Governance Programme: Supporting Women Representatives as the voice for Rural Communities

Ms. Bertsetseg, (left) Zuunmod Soum CRH Chair, regularly meets with youth to encourage volunteerism and to support their participation in local decision-making. Photo credit: Ms D. Bertsetseg /CSLB Project © SDC Mongolia

Tov, Mongolia– After graduating from university in Mongolia’s capital Ulaanbaatar, D. Bertsetseg returned to her hometown of Zuunmod soum, Tov aimag where she worked in education for 30 years. “I came back to my hometown to educate the future of Zuunmod–its school students,” Bertsetseg explains. Zuunmod soum is comprised of more than 4,600 households, with a population of 16,000 inhabitants.

Bertsetseg was drawn into politics during Mongolia’s democratic transition in the 1990s. After working as an election campaign manager and being twice nominated herself, she was eventually elected into the soum’s Citizen Representative Hural in 2012. 

Following her appointment, Bertsetseg took part in a National Training Programme, as part of the Capacity Strengthening of Local Self-Governing Bodies Project implemented by UNDP and funded by the Swiss Agency for Development and Cooperation, for all khural representatives. The tailored training includes topics such as citizen participation in decision-making, public financial management, ethics, green development, human rights, and gender.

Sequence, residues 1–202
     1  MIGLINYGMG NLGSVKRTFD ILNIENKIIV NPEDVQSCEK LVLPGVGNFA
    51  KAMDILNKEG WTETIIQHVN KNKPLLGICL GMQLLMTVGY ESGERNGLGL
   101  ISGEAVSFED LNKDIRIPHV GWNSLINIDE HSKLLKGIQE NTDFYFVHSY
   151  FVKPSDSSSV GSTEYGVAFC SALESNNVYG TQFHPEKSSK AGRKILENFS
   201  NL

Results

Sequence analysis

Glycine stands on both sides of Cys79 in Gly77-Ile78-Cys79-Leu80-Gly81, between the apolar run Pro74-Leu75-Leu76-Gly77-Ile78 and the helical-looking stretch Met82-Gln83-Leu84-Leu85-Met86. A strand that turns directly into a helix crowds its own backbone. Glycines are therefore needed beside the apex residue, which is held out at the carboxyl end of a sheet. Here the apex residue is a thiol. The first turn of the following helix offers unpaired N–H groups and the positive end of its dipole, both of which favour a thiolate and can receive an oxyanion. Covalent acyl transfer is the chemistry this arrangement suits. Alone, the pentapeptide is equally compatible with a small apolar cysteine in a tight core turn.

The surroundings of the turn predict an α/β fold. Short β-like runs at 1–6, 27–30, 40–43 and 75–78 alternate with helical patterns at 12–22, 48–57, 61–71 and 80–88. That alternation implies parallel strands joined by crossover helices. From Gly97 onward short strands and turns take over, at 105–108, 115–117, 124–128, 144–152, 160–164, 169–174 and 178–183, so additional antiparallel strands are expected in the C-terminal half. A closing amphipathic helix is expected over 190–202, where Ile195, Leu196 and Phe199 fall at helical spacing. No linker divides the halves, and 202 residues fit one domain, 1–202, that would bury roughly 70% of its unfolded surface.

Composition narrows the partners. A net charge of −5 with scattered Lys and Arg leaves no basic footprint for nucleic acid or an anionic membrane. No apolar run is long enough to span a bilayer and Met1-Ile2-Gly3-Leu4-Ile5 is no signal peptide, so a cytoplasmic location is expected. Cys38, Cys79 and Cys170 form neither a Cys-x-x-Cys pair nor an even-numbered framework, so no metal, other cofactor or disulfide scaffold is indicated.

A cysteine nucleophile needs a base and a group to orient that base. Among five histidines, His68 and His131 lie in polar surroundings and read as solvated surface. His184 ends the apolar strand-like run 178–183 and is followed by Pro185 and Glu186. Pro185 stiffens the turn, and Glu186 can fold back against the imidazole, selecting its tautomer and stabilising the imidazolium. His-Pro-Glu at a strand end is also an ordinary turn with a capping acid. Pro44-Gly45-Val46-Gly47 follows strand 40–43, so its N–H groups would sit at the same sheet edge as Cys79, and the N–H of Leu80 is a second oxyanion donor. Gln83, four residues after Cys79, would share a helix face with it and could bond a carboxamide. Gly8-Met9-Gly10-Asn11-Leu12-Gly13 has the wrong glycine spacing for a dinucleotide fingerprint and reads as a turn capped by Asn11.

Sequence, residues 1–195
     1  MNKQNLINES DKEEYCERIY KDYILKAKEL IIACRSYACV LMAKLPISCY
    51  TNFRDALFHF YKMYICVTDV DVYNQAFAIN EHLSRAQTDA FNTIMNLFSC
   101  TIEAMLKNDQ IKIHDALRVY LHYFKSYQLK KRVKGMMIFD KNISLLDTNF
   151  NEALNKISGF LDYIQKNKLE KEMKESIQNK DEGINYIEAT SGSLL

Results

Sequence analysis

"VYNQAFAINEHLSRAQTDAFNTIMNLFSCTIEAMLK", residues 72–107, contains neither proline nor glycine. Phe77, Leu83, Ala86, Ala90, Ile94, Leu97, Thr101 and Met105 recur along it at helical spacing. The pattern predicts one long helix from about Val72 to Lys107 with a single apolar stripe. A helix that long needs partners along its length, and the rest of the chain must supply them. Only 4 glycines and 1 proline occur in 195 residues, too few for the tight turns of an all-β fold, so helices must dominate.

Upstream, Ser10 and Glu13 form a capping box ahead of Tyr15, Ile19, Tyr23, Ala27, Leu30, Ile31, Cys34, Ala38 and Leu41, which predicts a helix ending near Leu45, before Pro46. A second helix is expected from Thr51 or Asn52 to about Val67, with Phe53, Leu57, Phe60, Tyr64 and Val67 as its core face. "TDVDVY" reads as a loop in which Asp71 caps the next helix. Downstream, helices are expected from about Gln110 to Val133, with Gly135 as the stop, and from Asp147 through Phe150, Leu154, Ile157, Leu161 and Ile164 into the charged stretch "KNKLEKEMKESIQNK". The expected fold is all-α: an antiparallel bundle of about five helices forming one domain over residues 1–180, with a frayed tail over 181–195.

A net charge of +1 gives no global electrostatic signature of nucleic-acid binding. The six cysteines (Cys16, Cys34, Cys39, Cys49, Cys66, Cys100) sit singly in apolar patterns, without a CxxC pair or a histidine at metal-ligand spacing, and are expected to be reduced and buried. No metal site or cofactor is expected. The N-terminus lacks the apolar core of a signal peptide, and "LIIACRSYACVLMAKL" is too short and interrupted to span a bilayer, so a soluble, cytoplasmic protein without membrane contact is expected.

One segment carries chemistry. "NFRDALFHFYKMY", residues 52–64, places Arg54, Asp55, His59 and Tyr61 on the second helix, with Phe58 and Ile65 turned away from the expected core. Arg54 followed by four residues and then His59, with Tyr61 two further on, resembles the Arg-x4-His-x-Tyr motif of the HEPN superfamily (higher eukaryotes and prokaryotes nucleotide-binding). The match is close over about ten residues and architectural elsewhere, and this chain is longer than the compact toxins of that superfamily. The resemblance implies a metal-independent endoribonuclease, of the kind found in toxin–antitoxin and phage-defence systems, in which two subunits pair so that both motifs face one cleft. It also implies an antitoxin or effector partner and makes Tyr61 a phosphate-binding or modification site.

Bertsetseg also participated in the country’s first nationwide Women’s Leadership Training organized by the Project. “The Training affected us women in a very positive way since there are 14 women representatives in Zuunmod soum hural,” said Bertsetseg.

The Training will reach all women representatives in Mongolia and its curriculum includes leadership, power dynamics, and human rights.

“I hope the Trainings' impact will continue to empower women representatives.  Women are the backbone of the family and the bedrock of a community. With more women in power, I believe we would have more harmony, more engagement, less suffering, and less conflict.” 

For Bertsetseg, a khural representative means, “Being a responsible leader, ensuring a better future for the community, while also voicing people’s needs when shaping local policies.”

By: Philippe Long